Maker Truck Curriculum

The SciNation team met with both the Salish Pend d'Orielle and Kootenai Culture Committees to determine appropriate activities to develop for use with the Kwul 'I'tkin Maker Truck.  Beading, drum making, and basket making activities are available for download.

Download the Kwul 'I'tkin Maker Truck Curriculum Booklet.

Beading

Students explore their creativity and artistic side by making a beaded item. Wooden cabs are cut on the laser cutter, and visitors to the Maker Truck can bead around the cabs to make a necklace or medallion piece.
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Drum Making

Drums have great significance to the Salish, Pend d'Oreille, and Kootenai peoples, and are used in ceremonies and celebrations. Traditionally, drums are made with a wooden base and rawhide as the drumhead.  The rawhide is soaked in water and then is tied down with sinew. Once it dries, it tightens over the frame of the drum to create a membrane that resonates. In our version of the drum, we explore how drums have been made, while using different materials for the base and drum head.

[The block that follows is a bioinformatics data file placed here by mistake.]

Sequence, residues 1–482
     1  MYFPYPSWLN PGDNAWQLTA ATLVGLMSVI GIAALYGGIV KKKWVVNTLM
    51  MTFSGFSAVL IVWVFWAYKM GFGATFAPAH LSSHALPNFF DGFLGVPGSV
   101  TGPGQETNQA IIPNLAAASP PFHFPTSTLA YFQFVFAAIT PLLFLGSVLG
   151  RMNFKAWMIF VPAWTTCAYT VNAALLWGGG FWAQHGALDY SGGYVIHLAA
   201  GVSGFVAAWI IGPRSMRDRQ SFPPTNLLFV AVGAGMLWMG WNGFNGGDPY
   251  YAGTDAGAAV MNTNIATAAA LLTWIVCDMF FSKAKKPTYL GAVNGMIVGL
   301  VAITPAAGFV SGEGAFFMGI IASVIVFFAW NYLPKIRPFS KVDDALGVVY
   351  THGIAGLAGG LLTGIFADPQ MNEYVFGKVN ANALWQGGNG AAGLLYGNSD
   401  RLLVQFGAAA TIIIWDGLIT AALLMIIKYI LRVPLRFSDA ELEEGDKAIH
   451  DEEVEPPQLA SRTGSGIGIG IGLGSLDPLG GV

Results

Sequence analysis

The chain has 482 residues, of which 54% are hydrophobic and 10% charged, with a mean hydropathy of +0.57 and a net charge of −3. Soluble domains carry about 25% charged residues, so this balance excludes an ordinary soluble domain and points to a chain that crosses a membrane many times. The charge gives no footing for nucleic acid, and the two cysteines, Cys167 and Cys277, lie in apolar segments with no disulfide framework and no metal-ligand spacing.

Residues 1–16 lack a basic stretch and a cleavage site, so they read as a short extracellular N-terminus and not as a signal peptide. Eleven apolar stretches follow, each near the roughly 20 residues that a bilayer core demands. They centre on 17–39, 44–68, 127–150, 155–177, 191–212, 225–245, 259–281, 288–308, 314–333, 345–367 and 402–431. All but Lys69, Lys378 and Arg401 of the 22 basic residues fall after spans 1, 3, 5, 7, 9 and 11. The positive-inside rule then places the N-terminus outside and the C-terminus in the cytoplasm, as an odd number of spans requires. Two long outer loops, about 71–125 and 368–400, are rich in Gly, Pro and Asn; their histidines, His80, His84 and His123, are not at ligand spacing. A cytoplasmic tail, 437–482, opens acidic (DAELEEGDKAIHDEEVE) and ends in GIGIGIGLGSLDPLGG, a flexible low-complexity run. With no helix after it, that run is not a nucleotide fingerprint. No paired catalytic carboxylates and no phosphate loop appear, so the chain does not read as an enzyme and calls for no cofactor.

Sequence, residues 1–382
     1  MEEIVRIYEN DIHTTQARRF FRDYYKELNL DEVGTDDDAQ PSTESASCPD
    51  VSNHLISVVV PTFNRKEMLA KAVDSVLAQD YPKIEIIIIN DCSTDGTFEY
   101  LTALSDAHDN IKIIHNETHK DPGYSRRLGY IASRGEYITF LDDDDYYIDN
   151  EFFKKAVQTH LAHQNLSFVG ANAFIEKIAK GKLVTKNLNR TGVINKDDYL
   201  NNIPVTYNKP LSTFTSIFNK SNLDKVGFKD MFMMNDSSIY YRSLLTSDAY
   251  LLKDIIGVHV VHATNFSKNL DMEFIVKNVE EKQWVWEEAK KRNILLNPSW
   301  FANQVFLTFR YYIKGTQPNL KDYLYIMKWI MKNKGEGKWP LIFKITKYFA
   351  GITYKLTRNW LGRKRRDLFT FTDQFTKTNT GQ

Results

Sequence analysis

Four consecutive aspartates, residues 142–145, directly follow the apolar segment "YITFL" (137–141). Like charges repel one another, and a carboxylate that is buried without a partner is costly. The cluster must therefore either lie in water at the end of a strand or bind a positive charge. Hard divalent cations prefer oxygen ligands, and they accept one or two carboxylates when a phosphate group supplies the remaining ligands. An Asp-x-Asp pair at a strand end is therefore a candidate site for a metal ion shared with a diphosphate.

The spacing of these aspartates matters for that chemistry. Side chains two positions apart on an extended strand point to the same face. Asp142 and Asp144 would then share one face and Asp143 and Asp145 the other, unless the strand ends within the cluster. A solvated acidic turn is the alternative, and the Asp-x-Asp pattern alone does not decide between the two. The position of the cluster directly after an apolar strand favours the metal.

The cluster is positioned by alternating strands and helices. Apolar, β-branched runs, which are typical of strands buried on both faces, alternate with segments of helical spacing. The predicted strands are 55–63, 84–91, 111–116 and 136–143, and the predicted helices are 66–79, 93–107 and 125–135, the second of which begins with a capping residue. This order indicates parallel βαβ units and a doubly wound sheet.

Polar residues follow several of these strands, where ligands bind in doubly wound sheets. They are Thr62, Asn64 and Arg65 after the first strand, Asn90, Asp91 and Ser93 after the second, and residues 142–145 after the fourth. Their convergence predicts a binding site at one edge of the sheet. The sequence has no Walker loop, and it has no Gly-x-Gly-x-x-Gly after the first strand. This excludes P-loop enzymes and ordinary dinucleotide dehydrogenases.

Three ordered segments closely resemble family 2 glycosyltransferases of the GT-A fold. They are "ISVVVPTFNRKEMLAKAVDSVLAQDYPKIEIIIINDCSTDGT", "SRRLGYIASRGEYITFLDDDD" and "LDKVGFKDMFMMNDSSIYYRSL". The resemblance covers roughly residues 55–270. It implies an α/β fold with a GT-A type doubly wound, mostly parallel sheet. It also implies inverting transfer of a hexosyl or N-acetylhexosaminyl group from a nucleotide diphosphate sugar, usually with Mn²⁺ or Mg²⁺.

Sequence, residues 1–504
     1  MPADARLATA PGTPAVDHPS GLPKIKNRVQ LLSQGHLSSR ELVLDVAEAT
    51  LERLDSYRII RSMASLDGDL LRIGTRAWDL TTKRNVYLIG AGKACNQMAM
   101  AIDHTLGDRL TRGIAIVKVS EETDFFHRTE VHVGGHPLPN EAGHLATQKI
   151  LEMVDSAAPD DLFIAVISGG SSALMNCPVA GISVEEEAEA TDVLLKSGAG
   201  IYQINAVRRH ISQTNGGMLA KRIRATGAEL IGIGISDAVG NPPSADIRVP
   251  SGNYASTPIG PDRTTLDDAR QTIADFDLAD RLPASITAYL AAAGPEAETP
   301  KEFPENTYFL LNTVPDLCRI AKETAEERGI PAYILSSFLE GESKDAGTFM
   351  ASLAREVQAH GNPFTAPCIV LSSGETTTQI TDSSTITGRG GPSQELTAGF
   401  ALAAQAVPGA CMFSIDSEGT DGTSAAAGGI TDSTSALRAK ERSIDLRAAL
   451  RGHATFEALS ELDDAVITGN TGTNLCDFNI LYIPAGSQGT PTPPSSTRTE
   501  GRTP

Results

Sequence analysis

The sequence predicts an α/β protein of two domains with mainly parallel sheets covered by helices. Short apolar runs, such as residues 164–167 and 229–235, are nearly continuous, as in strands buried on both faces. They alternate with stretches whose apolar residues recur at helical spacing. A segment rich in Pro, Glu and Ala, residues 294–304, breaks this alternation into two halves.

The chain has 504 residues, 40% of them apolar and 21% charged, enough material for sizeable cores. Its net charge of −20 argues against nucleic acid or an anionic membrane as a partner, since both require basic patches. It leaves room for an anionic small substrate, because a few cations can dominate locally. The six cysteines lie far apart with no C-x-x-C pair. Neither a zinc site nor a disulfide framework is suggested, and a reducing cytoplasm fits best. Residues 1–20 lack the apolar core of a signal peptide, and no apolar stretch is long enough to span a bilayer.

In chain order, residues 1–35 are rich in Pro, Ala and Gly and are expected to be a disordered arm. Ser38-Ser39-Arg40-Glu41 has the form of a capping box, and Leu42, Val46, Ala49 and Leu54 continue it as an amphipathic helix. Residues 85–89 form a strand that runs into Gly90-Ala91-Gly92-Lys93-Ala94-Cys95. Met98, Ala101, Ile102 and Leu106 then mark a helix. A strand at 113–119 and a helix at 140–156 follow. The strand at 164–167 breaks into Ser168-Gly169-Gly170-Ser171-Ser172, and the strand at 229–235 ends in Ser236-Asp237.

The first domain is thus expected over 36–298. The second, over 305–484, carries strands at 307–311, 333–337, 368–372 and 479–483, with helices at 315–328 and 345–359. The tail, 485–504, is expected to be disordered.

A science of sound station allows students to explore the sounds of their drums, and compare sounds of traditional drums.

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Basket Making

Basket making is among one of the oldest crafts practiced by Native peoples, including the Salish, Pend d'Oreille, and Kootenai. From historic through modern times, basket making is an artistic expression as well as a practical item used to carry just about anything. At the Maker Truck, visitors explore how to make a cedar bark basket without actually using cedar bark. With special guest role model and tribal elder Eva Boyd, students also explore how to make a Sally Bag.
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The Kwul 'I'tkin Maker Truck was developed with an EAGER grant from the National Science Foundation (award #1623554).